Even much lower production output may be economically viable at that low a cost.
    Ongoing innovations such as monobore drilling may lead to shorter drill times/lower cists yet.
    This is being adopted in parts of the Permian as well.

    1. Enno says:

      Thanks for that info Gerard.

  • simon oaten says:

    thanks Enno,

    the drive mechanism for EFS / Niob is distinctly different (gas depletion drive, versus water predominantly in Niob).


  • Mason Inman says:

    How do you get individual well data for oil wells from the Texas Railroad Commission?

    My understanding was that they only reported production by lease—and in the best areas, many leases contain multiple wells.

    1. Enno says:


      The Texas RRC indeed, very unfortunately, doesn’t provide production information on well level. It does so on lease level, but it does provide some well information, incl the type of well, its completion date, and whether it is still producing, among other data.

      I have build an algorithm that utilizes as much information as we have, in order to estimate the individual production of the wells within a lease. The goal was not to get a highly accurate production profile for each individual well, which is impossible, but to divide the production in a lease in a reasonable manner over the producing wells, in order to get a good impression of the performance of wells, when viewed on an higher level, e.g. by county, formation, or operator.

      A more detailed explanation of this algorithm is as follows.

      Step 1. Based on leases with a single well, “Standard well profiles” are build for each year in which wells started production.

      Step 2. We are now going to estimate the production for wells in the other leases, starting with leases with few wells, and proceed to leases with more wells.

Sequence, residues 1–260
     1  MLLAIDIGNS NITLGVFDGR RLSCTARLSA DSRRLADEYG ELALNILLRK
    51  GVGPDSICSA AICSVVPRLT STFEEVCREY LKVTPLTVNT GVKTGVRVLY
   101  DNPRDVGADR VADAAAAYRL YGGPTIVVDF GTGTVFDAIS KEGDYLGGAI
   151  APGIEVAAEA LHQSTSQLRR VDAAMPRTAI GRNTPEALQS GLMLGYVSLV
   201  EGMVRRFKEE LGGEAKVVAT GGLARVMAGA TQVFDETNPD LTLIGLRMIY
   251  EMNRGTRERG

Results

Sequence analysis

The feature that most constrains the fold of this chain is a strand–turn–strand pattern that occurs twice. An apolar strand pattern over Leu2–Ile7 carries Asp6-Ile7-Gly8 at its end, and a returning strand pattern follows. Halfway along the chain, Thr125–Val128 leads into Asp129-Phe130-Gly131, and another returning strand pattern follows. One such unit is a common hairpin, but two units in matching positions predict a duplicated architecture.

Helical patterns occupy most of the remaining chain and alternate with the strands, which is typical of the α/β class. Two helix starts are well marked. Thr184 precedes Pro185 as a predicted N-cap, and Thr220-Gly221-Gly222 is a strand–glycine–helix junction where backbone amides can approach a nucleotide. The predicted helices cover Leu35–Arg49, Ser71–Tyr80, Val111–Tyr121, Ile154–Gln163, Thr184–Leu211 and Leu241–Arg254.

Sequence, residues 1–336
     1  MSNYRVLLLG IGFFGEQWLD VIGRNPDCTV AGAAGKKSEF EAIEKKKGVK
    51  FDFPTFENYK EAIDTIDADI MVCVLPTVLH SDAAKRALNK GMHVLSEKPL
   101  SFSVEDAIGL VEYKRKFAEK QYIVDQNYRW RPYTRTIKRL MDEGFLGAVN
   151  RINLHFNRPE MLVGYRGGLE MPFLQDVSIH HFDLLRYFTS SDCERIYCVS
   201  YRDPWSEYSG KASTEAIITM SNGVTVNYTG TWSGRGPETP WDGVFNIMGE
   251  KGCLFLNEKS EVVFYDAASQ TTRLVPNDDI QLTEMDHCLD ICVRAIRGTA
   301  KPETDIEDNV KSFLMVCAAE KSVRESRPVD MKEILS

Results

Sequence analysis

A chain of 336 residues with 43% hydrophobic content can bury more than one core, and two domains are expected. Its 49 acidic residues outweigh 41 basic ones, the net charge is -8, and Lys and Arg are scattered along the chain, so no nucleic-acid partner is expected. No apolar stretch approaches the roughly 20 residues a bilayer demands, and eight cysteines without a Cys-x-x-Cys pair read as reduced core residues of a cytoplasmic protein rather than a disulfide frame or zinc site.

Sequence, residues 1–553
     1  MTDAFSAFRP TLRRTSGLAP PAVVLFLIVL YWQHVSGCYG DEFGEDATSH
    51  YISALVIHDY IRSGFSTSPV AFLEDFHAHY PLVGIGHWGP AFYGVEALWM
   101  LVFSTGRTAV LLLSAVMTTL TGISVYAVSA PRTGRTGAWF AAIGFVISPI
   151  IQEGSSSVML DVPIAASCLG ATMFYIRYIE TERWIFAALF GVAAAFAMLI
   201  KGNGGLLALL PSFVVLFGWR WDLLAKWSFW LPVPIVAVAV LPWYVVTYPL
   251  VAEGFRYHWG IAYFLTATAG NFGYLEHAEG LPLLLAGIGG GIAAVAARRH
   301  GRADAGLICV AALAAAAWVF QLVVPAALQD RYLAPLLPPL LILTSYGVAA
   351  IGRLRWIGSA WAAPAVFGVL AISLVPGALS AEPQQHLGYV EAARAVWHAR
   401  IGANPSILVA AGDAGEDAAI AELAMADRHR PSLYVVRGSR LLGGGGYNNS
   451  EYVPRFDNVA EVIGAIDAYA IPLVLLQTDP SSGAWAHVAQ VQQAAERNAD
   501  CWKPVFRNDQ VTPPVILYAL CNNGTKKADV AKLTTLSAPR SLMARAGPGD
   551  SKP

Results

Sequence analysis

Step 3. For each lease with n wells, we start with the earliest production of the lease (from 2006 onward), and then proceed forward in time. For each month, the oil production is divided over the producing wells, according to the ratio of the actual lease production, and the claims of all individual wells on that production, which is based on the “Standard well profile” that was assigned to each well, and its known production start. After each iteration of wells in a lease, the Standard well profiles are updated.

      This is still a simplified explanation, as a little more information is available and utilized. Some improvements are possible to this algorithm, as we could split the Standard well profiles per operator, and per county/formation. The core idea is that we utilize as much information as possible, while making sure that we avoid a structural bias in over/under-assigning production. As long as we avoid a structural bias, on the aggregate these individual well profiles will give reasonable results (because all lease production is divided over all producing wells, according to the best information we have).

      For the Eagle Ford, the results are good. The reason is that almost all wells are horizontal wells, and there are many leases with few wells. E.g. 20% of the wells is in a single lease, and > 55% of wells are in leases with 5 or fewer wells. Over 90% of the wells are in leases with < = 25 wells, and the largest lease has 65 wells. For the Permian the puzzle is more complex. The reason is that in many of the leases I selected, vertical wells are also part of the lease, and many wells don't appear to have any status update. There are leases with > 100 wells. My solution to this is that I only use leases for which I can make a reasonable well profile estimation, and ignore the other leases. The result is that I have to omit about 25% of the production in the Texas part of the Permian, for the formations that I am interested in. This concerns especially some very large leases, and Pioneer Resources has some of those. This may indeed cause some bias, as it could be that these large leases have better/worse wells than average.

      For now, this is the best that is possible. If an operator feels that the wells in this presentation are not accurate, I will be happy to accept the actual well data from them, and I will then make an update. For all other states (incl. the Permian counties in New Mexico), I didn’t have to rely on this algorithm, as accurate individual well data is available.

    2. Nony says:

      I think he just divides the oil by the number of wells. Not sure how he handles different age wells on a lease though. Former shouldn’t impact calculations of average well quality (doesn’t seem like we look at standard deviation or best/worst in the tool). Not sure if the latter effect might hurt some of the analyses of well improvement over time but maybe he has a way to handle it.